18 years in Wall Street, left after finding out it was all horseshit. Founder/ Master and Commander: iBankCoin, finance news and commentary from the future.
Joined Nov 10, 2007
20,400 Blog Posts


Good morning Bear Shitter. I am here to tell you, you will lose a great deal of money today. Apparently, America added another 136,000 jobs today, sinking unemployment to 3.5%. While this might sound fantastic to you, the Third Estate, it’s rather milquetoast. As such, futures are soaring, +35 Nasdicks.

Unemployment hit a fresh 50-year low in September even though nonfarm payrolls rose by just 136,000 as the economy nears full employment, the Labor Department reported Friday.

The jobless rate dropped 0.2 percentage points to 3.5%, matching a level it last saw in December 1969. A more encompassing measure that includes discouraged workers and the underemployed also fell, declining 0.3 percent points to 6.9%, matching its lowest in nearly 19 years and just off the all-time low of 6.8%.

Also, the jobless rate for Hispanics also hit a new record low while the level for African-Americans maintained its lowest ever.

At the same time, the economy saw another sluggish month of growth. The nonfarm payrolls count missed the 145,000 estimate from economists surveyed by Dow Jones; the expectation on the jobless rate was to hold steady at 3.7%.

Is it possible markets will fade this news and tank, making this article totally nonsensical rubbish? Absolutely, it happens all the time. But I like my fucking chances here, mate. I like the odds of me boxing in your face until my knuckles bleed.

Happy Friday!

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  1. mad marsupial

    Based solely on these numbers, the Fed, IMHO, shouldn’t do anything in October. Cutting isn’t needed. Given the cut is already priced in, the Fed probably won’t rock the boat and cut anyway.

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  2. it is showtime

    Wow! No fees! That’s a strong sign for retail-investor demand!

    see my finger ppt
    .6% .7% .8%
    unduly pitiful ppt
    see the finger?

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  3. numbersgame

    Food for thought on the stock market:

    Theorethically, stocks are priced based on all avaialble information (efficient market theroy). This measn two things:
    1) stocks are fairly priced, and
    2) stocks are just as likely to rise as fall,.

    In reality, markets are actually priced less on fundamentasl, then on simple supply and demand created by investor sentiment, which is nearly alwasy bullish. This bullish sentiment has been driven by US historic returns over the last 35+ years. However, basing future projection siply based on past returns is foolish unless the macroeconmics are similar. To this end, there are two significant differences in todays environment:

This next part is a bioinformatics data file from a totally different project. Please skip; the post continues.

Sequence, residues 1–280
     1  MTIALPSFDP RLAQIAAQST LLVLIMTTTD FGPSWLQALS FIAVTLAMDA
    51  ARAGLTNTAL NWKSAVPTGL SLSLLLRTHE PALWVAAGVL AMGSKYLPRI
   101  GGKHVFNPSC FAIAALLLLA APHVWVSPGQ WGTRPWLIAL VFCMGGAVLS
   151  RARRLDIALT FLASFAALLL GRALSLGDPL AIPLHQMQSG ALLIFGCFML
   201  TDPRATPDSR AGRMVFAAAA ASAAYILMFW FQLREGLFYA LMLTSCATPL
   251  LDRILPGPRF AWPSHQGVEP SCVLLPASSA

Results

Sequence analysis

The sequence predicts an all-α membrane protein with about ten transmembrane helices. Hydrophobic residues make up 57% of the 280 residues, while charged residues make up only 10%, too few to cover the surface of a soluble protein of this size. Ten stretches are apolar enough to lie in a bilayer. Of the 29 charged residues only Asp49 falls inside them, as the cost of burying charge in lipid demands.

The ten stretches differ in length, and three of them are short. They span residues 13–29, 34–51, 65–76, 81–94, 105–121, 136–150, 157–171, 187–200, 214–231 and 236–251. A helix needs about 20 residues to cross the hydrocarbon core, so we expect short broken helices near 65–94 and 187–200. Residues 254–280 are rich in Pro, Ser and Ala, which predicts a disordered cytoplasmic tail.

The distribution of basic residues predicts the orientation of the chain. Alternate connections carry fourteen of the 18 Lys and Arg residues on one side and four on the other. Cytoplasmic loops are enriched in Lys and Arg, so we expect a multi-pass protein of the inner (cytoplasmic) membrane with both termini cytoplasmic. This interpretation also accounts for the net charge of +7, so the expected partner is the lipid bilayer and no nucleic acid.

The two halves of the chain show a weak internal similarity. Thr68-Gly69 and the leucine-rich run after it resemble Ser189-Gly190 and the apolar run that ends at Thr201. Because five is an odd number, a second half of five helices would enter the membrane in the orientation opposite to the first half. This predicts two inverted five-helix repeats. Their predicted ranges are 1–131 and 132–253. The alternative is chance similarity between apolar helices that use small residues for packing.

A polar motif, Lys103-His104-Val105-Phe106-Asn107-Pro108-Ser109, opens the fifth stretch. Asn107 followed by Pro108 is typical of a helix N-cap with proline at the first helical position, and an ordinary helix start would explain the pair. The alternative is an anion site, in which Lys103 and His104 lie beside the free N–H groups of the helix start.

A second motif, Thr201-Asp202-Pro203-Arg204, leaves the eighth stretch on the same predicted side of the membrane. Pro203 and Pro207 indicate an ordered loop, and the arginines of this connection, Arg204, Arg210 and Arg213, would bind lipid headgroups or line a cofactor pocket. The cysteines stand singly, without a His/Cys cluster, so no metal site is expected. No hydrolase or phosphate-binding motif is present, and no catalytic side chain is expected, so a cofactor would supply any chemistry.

1) We will not see another 35 years of falling interst rates.
    2) The population is aging.
    Both of these are negative for stocks in the long term.

    Also, going back to investor sentiment, if investors are overwhelmingly optimisitc (ie, long stocks), then is is far likelier that stocks are overpriced most of the time.

    The alst note on investor sentiment looks at generations. Baby boomers have a huge reason to be optimistic, as they greatly benffitted for falling interst rates. However, looking at younger investors, they have seen 1 or 2 huge bear markets. Even much of GenX has missed most of the 80s and 90s bull markets. This measn that the younger generatiosna are much more bearish. So baby boomers will liquidate their stocks, buying bonds and annuities (which both drive up the dmeand for Treasuries, BTW) adn sell int othe hands of pessimistic generations. This is also not good for stocks in the mid-term (5 years).

    Baby boomers

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    • ferd

      I haven’t met many of those optimists of which you speak …and those that I have met tend to be younger professionals who have investments, but who were too young to have had 401Ks in 2007. Anyway, the Boomers (and everyone else) have been forced into stocks because the alternatives have been manipulated such that they are no longer seen as a decent option. Also, many simply want to own something real as they try to game-out what form the big reset will take …and they see stocks as more real (ownership of something), than is pure fiat.

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      • numbersgame

        “forced into” ->
        long stocks ->
        think stocks will go up ->

        0% is better than negative, and most boomers still have more than 50% of their portfolios in stocks, either directly or through mutual funds, target funds, etc.

        As you said, this is what their investment advisors recommend, but that profession is full of leeches with little added value. Their goal is not absolute return for their clients, but just beating the market. They think clients should be happy with -15% returns if the S&P is down 20%. “Who coulda known?”

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  4. numbersgame

    I got a piece of NFLX at ~271, but still waiting for SPY to close the Tuesday/Wednesday gap ($293.2).
    – if it closes the gap, I’ll add to my SPY shorts
    – if it doesn’t close the gap, that speaks volumes about the market and I’ll close out some of my other longs (already closed out MU as i think $44 is ceiling)

    Also, I’ve been boosting TLT based on fundamentals, but for blacnce, can anyone spot any negative cahrt patterns/foramtions?

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